So it came as a surprise to my family that at the age of twenty-six, out of the blue, I decided to run a marathon. Ok, I am very fond of using the word ‘run’ loosely, I might have eventually jogged portions of the event, but the front runners weren’t exactly looking over their shoulder worrying about me. I decided to run the marathon for charity in the memory of my Grandfather, so I sent out letters of intent to all my family begging for money for the cause, and once they knew about the marathon I wouldn’t be able to quit because then there would be all sorts of comments… “You quit because they made you run, right? Didn’t you know that when you signed up for this sport?” Ha ha, you guys are so clever and witty; uh so perhaps you can see why I was determined to come home with a medal to prove that I had crossed the finish line.

I finished my first marathon without ever seeing the Sag Wagon, which is the vehicle that picks you up off the course if you are too slow. It was probably pretty close to me, but I was slightly delusional by the time they sent it out on the course. I might have been 20 feet in front of it; all I know is that it didn’t pick me up. Woo Hoo! My own two feet carried me across the finish line and that meant that some poor volunteer had to put a medal around my sweaty neck, and for sanitary reasons I think the person was wearing rubber gloves; well, wouldn’t you?

Now I have this medal that is big, shiny, and heavy!  And as I am showing off the medal to everyone, lay people always ask two questions: 1) Did you win? & 2) What was your time?

Question 1) They (I don’t know who ‘they’ are, statisticians probably) say that approximately 1% of the world’s population will ever complete a marathon. So, I guess that means that I beat 6.77 billion people. Woo Hoo Yay for me!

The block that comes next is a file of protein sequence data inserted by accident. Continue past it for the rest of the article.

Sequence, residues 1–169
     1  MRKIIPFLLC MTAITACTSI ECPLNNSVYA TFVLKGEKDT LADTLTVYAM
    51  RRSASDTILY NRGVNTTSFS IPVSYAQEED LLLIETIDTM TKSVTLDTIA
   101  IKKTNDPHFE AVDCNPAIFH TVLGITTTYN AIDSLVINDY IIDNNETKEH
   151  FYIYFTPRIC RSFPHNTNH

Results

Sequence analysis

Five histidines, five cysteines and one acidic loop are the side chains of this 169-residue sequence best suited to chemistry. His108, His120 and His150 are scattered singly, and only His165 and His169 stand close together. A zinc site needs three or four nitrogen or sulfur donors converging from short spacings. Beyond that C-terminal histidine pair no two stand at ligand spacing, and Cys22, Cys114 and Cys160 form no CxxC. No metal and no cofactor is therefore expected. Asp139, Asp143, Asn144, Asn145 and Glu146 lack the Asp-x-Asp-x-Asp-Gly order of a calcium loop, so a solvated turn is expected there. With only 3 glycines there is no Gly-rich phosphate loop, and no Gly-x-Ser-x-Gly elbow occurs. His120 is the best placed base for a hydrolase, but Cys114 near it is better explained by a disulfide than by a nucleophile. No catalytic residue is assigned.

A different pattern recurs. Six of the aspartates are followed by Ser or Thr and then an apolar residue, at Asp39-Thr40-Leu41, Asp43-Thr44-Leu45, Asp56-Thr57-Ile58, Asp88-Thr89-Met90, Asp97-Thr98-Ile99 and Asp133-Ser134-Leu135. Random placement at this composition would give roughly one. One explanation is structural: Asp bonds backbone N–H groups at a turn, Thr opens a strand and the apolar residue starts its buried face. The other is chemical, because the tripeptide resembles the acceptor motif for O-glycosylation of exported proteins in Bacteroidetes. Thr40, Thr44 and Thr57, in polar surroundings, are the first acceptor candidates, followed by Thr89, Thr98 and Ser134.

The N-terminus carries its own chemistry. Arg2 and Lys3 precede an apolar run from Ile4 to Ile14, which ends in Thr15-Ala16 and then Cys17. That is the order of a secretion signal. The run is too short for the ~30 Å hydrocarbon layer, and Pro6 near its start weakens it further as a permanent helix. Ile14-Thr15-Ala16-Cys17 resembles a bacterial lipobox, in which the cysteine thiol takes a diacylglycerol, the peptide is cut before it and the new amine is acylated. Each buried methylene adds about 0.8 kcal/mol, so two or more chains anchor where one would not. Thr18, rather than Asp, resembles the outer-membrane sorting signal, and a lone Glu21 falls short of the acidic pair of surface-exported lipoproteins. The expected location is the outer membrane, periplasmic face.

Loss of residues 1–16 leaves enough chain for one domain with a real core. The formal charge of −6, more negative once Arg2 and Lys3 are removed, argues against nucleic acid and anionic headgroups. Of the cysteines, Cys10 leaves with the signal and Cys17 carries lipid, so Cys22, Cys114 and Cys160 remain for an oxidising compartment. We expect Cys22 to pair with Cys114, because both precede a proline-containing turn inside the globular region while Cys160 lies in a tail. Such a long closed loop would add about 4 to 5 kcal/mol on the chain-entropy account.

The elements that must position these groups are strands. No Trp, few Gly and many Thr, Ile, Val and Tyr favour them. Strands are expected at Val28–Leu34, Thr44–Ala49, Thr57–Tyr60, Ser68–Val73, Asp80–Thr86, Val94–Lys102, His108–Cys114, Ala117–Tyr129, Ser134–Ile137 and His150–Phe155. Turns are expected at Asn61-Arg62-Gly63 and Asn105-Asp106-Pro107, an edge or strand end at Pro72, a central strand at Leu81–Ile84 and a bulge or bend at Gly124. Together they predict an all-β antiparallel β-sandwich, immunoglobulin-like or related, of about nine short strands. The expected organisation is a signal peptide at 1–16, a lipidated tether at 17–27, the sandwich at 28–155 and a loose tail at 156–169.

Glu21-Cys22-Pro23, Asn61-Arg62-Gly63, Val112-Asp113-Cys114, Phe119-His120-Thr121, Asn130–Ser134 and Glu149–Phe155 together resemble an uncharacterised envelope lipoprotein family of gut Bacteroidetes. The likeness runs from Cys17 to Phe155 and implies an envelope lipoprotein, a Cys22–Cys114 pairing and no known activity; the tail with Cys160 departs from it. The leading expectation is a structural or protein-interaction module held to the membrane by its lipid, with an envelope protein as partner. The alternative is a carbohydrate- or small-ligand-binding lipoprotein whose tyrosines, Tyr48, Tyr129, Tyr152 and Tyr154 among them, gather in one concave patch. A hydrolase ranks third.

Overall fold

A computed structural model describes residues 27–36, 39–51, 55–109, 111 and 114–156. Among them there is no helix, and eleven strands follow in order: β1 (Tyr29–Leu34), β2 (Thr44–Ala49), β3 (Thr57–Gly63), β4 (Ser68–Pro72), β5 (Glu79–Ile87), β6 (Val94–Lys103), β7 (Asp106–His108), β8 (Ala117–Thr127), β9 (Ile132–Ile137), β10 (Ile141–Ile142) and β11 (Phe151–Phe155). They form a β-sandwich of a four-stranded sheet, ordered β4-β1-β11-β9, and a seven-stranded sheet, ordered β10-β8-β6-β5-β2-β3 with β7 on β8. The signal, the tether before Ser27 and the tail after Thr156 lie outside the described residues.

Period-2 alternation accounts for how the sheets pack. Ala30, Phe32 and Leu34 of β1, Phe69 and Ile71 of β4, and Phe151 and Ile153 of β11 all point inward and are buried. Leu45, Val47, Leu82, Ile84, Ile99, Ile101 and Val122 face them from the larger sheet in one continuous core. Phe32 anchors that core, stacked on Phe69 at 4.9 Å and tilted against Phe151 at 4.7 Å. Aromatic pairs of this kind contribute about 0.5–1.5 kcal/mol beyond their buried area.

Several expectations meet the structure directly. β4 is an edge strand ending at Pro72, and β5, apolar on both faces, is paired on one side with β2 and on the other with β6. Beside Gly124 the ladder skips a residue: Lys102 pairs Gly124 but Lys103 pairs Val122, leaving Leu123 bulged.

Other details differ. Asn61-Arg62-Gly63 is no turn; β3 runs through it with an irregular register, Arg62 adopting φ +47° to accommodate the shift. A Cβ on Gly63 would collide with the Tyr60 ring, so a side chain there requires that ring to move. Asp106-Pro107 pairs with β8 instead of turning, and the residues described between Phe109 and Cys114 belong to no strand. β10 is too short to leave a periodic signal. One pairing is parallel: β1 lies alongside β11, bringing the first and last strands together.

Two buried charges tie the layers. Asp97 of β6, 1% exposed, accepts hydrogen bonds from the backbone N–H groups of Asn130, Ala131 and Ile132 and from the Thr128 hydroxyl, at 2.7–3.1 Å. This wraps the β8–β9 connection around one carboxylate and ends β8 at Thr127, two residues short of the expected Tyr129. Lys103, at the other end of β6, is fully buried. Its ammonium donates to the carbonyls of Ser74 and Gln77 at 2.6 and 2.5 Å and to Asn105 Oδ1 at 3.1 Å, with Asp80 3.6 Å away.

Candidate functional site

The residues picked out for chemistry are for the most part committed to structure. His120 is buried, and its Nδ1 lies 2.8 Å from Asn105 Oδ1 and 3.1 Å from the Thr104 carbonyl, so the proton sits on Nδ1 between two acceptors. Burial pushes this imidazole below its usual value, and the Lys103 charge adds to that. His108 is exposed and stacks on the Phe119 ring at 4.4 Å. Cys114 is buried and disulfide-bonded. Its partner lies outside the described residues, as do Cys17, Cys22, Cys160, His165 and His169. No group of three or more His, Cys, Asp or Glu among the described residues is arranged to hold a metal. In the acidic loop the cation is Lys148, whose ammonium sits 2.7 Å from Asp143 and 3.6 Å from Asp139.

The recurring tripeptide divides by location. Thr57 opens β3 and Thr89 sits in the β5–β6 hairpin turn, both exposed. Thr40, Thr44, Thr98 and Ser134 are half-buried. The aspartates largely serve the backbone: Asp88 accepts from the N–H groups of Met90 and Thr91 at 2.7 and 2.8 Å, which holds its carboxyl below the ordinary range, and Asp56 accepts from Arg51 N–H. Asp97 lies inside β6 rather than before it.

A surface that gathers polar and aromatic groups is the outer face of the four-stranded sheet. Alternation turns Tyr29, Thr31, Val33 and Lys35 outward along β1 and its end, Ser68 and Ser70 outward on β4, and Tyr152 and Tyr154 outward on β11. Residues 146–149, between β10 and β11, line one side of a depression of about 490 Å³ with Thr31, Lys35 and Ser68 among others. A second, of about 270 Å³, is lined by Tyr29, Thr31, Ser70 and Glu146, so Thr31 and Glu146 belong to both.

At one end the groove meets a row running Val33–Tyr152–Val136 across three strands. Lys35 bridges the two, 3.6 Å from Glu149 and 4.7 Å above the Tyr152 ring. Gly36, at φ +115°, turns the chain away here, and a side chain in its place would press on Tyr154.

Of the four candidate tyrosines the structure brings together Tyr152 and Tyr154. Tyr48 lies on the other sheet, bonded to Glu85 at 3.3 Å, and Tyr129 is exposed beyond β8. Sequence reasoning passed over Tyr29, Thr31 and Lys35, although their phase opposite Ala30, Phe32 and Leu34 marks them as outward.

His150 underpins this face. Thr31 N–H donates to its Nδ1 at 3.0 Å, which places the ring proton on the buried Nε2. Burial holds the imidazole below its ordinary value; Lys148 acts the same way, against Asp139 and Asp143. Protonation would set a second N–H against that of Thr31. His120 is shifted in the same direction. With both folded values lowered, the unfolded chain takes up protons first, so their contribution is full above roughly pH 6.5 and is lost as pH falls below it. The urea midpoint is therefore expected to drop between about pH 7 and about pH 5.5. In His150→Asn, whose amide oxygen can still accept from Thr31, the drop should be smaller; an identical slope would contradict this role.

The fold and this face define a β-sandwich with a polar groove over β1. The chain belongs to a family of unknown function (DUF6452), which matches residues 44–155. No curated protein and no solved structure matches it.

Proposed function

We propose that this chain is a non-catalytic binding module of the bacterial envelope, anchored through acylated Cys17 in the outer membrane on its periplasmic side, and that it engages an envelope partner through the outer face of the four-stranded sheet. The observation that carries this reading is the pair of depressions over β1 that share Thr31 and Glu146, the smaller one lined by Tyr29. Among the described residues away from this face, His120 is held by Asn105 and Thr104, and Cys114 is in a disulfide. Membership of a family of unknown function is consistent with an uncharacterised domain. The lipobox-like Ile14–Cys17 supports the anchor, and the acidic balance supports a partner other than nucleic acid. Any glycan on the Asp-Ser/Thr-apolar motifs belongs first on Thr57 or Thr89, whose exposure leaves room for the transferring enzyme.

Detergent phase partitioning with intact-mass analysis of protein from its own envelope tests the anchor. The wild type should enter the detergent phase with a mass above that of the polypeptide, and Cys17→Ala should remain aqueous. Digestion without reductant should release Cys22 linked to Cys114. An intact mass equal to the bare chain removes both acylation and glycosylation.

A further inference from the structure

Question 2) The average person that asks you to regale them with your time has NO idea what a good marathon time is, so just round down and don’t bother with the logistics of 3:26:19, just say 3 hours (um that is a fantastical number that should not be associated with my running time in any way shape or form); it won’t make any difference to them. Actually you could tell them that it took you 2 hours (faster than the world record) and chances are they would say “oh my god, I can’t believe that you ran for 2 hours straight.”

Running is a great sport, because unless you are an elite athlete competing for a cash prize no one really cares how fast you are. This means that the only person that really knows how well you did is you, and that means that you can lie through your teeth about your athleticism. So now, more than two decades after my “quitting incident” I have nine big, shiny, heavy medals that prove that I am not a quitter, and make everyone in my family think I could someday run the Boston Marathon. And for all they know, the reason that I won’t run it is because I think that it is too hyped, and has nothing to do with actually having to qualify.